Oyster toadfish can grow to about a foot long and are found in salt and brackish waters, preferring areas with sandy, muddy bottoms, oyster reefs, shoal water, eelgrass beds or in hollows and dens. They are quite capable of living in polluted waters and have been known to find shelter in submerged tires and cans.

Oyster toadfish rely on camouflage to catch their food, usually preying on crustaceans, mollusks, amphipods, squid, and other smaller fish. Males make a distinctive foghorn sound to attract females in the April to October mating season.


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An Oyster Toadfish caught at South Street Seaport in the East River (Clarisa Diaz, WNYC/Gothamist)


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Summer flounder, or fluke, are left-eyed flatfish. (The winter flounder is right-eyed.) You’ll know this by the direction the head points when laid flat with the eyes on top. Fluke can alter their coloring, from white sand to black mud, to match the substrate.

Fluke move inshore in the spring, reversing this pattern in the fall. They are active predators, spending most of their time hiding in sand on the river bottom, waiting to attack smaller fish that swim by. While they seem to prefer sand or mud, they often gather near structures.

Fluke can exceed 20 pounds, but most specimens are only one to three pounds.


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Blackfish are somewhat flattened, stout-bodied fish with blunt heads. They are characterized by their dark color, thick rubbery lips and continuous dorsal fin. Their small jaws are lined with conical teeth which are used to crush hard-shelled prey like mollusks and crustaceans.

Blackfish move into local waters in spring to spawn over rocks and artificial reefs. Afterwards, they spread out over rocky areas and grass or shellfish beds to feed. While blackfish can reach nearly 25 pounds, the average specimen ranges from one to four pounds.


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Fish Advisories from the New York State Department of Health.


As previously noted, a good rule of thumb is to avoid eating fish caught in the East River. The “river” is dangerously polluted with chemicals.

The New York State Department of Environmental Conservation produces fact sheets that note all of these pollutants, including floating debris, oil, and grease. Some sources of the pollution are urban and storm runoff, combined sewer overflow (CSO), industrial use of the waterway, and littering.

The New York State Department of Health issues fish advisories, many of which include fish containing PCBs, Dioxin and Cadmium. “DON’T EAT” in all caps is advised for most fish for women under 50 and children 15 and under. If you still want to eat these fish, or fish found anywhere in New York waters for that matter, consult the advisories.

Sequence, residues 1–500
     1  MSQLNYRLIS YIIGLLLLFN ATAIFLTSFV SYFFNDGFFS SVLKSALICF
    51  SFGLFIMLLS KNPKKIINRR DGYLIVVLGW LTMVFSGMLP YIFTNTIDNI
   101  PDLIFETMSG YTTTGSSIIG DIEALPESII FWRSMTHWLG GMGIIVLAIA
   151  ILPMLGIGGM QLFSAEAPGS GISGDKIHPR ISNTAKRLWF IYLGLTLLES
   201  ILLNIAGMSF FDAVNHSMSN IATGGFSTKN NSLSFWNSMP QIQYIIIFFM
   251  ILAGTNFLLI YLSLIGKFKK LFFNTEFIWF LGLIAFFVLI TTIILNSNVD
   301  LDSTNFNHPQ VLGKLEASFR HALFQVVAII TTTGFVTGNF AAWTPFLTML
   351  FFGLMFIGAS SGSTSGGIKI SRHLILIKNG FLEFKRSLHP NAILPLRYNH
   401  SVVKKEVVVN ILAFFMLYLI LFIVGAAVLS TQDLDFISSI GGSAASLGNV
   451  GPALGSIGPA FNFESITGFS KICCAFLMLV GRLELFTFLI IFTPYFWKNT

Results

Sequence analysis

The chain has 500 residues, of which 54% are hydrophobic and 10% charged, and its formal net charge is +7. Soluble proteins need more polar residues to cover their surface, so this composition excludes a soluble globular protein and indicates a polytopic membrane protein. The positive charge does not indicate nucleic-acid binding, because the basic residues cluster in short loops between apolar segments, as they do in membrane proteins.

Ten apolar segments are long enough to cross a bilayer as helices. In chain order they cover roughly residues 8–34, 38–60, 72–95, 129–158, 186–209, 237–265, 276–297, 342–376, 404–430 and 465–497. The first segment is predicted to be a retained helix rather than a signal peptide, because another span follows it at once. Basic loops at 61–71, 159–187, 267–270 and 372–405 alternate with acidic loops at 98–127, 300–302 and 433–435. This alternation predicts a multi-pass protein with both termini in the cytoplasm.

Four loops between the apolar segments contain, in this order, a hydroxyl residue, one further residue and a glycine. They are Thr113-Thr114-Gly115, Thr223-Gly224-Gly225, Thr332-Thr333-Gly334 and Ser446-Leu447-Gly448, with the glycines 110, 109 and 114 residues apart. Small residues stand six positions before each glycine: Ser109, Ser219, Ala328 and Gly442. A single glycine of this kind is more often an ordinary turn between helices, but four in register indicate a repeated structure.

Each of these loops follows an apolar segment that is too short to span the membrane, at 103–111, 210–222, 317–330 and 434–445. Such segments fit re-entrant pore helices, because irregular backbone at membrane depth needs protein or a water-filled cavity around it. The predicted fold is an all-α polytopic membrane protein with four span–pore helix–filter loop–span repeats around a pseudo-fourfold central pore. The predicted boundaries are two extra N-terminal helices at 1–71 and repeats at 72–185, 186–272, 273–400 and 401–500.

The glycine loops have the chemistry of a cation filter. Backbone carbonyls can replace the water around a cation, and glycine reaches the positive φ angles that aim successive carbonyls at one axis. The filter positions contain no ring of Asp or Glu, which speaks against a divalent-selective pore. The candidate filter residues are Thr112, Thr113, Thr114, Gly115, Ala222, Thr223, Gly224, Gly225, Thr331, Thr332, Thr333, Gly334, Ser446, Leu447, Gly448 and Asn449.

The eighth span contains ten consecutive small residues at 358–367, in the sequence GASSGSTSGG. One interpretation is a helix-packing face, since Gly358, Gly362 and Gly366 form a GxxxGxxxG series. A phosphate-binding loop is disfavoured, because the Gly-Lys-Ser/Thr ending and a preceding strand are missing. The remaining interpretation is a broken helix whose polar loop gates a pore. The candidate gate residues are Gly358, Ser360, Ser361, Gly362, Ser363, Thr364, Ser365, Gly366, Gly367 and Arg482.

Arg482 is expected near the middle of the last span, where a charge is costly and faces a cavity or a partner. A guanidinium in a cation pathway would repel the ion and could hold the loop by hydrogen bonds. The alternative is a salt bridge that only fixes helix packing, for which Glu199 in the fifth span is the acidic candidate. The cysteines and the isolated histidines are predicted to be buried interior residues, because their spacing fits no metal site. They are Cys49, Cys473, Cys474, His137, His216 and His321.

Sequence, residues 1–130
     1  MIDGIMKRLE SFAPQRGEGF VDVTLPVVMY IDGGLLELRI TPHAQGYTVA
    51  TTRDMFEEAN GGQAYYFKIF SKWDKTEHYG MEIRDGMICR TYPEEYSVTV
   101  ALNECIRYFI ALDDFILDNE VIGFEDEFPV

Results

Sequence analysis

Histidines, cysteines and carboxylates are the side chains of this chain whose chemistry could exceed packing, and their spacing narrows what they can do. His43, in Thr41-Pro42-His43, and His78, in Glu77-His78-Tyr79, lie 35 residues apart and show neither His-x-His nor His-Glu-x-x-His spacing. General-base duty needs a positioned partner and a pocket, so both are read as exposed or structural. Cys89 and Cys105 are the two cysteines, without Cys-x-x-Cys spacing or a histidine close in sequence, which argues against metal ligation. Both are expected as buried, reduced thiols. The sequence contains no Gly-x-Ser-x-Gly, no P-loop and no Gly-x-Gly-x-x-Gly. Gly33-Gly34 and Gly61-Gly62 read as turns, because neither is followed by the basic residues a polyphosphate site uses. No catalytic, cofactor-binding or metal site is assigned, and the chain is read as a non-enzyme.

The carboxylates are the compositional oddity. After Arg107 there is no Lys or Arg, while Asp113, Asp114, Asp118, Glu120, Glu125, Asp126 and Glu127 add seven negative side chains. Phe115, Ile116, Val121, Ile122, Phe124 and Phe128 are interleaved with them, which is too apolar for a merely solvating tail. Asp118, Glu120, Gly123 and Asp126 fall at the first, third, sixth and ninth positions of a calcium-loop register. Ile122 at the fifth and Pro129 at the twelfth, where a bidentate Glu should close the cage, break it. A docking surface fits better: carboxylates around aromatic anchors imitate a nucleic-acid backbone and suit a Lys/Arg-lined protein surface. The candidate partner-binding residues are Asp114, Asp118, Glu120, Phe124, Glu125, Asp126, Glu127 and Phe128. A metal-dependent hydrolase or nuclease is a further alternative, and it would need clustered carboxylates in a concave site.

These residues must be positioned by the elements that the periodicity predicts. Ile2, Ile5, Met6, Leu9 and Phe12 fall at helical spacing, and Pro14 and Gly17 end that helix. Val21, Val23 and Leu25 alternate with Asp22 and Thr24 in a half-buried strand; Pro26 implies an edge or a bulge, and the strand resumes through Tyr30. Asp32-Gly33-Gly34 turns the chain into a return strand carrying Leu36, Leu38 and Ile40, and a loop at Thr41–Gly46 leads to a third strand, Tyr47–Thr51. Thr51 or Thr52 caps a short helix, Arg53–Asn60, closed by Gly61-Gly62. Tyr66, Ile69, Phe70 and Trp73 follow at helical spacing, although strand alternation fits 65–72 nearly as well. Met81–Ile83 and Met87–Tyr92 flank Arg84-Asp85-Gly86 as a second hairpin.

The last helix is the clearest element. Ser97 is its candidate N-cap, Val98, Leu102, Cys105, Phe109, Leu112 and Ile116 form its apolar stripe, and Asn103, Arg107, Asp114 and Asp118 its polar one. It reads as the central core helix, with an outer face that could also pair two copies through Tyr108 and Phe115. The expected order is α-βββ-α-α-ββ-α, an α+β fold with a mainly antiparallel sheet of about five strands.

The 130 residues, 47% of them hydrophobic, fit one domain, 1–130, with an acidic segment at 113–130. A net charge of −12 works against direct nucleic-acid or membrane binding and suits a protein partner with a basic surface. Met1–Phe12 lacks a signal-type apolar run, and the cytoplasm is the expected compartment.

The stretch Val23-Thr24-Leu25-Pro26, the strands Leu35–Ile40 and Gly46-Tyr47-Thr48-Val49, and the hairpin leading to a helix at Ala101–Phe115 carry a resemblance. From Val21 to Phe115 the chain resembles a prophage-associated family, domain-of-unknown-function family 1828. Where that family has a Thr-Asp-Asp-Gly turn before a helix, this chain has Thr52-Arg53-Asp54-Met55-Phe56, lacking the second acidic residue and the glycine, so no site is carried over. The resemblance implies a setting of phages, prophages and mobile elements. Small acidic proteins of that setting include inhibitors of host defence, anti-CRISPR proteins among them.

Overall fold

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Before we go, consider the humble goldfish. Yes, New York waters contain goldfish, otherwise known as carp. How did they get in the East River, you might be asking? Possibly you! Or someone you know.

To be fair, many folks who release unwanted pet fish or dump aquarium plants in the river think they’re doing the right thing. It’s better than flushing them, right? Not exactly, as they can still spread diseases and parasites in the water. Feral goldfish are an invasive species, wreaking havoc when unleashed.

“The consequences can be pretty drastic if people release something that’s an invasive species with the potential to disrupt the ecosystem,” Cohen said.

“It might have diseases that can be passed to native organisms or outcompete native organisms for food sources in the water.”

Feral goldfish can grow quite large in the wild. Same goes for aquarium plants that can take over native species.

We know this sounds fanciful, but feral goldfish invasions in waterways are an absolutely for-real problem all over the world. “Monster Goldfish” have been caught weighing up to four pounds - the size of a football!

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A feral goldfish weighing 4 pounds (Courtesy Dr. Stephen Beatty, Centre for Sustainable Aquatic Ecosystems, Murdoch University)

So check if you can give them back to the pet store, give them to a friend, or keep them. Anything but releasing them into any kind of body of water. Watch this video for more on pets that should never be released into the wild.

Happy fishing!

Clarisa Diaz is a designer and reporter for WNYC / Gothamist. You can follow her on Twitter @Clarii_D.